Magazine article Marketing

Wheels of Progress

Magazine article Marketing

Wheels of Progress

Article excerpt

Instead of tweaking logos, carmakers should push their technological offer, writes Alex Brownsell.

Peugeot has become the latest automotive manufacturer to carry out an overhaul of its visual identity in an attempt to reinvent itself as a progressive car marque.

It follows similar branding revamps by Audi, Citroen, Mazda and Vauxhall over the past 18 months. The car industry, it seems, has reached a consensus on how to preserve its future - with metallic three-dimensional logos. However, car marketers who hope they can transform their company's fortunes simply with a shiny new badge are sorely mistaken.

To be fair to Peugeot, as well as the fresh visual identity, it has announced a series of products, and will be putting its unusual-looking electric-powered BB1 concept car into production.

Ford is also attempting to excite consumers with real innovation, rather than simply tinkering with its brand. Its chief executive, Alan Mulally, made an appearance at the recent Consumer Electronics Show in Las Vegas to promote MyTouch, the latest version of the Sync in-car entertainment system Ford has developed with Microsoft. This allows drivers to control their environment using a pair of dashboard touch-screen computers; it is predicted to arrive in Europe later this year.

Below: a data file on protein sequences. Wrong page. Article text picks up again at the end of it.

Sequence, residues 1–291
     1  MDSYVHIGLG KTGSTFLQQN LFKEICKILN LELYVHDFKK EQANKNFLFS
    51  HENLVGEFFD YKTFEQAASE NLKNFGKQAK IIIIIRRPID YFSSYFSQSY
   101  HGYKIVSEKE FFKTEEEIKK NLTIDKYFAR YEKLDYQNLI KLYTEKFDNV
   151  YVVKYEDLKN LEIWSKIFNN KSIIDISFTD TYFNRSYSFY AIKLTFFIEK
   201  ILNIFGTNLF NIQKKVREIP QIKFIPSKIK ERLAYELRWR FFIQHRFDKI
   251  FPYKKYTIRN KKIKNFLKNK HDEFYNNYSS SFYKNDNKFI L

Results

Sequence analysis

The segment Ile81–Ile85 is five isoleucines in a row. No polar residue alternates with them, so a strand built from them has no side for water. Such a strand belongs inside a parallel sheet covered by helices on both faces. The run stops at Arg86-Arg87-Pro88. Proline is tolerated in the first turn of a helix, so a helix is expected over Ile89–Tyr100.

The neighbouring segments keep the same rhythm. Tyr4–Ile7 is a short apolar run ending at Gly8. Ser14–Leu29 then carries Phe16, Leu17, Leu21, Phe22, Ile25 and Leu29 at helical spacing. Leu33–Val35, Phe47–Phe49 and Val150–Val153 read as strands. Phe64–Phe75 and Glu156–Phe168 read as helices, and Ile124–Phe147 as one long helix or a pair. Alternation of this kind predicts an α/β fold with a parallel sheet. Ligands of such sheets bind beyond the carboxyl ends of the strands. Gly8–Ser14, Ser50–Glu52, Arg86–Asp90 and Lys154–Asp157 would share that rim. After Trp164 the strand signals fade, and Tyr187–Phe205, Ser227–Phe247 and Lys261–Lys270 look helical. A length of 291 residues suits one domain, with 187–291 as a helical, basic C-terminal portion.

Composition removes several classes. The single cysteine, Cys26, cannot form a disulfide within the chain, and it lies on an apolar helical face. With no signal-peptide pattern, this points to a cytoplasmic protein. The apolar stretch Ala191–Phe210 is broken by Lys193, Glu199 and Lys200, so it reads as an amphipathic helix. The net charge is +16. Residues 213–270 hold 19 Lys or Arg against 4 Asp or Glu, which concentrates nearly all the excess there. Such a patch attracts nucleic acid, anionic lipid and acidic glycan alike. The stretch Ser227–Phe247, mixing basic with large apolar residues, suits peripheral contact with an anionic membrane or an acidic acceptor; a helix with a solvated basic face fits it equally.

Dashboard innovations

Ford credits Sync with a major role in restoring the company's fortunes The company's UK marketing director, Mark Simpson, believes that car buyers are looking for interesting technological developments. 'There is a place for trying to explain yourself better through branding,' he says. 'However, customers really appreciate substance - something new and exciting.'

On this side of the Atlantic, marques such as Fiat and Audi are targeting younger, more sustainability-conscious drivers with dashboard innovations. In 2008, Fiat teamed up with digital agency AKQA to create eco:Drive, an application to help drivers improve fuel economy and reduce emissions.

Alistair Beattie, head of planning at AKQA, believes the industry needs to adapt to an emerging generation of car buyer more at home with an Xbox controller than a steering wheel.

'We can expect cars to become a seamless extension of the at-home and personal digital environment in the next couple of years, as social networking, communication and entertainment brands find new ways to connect with consumers,' he says. …

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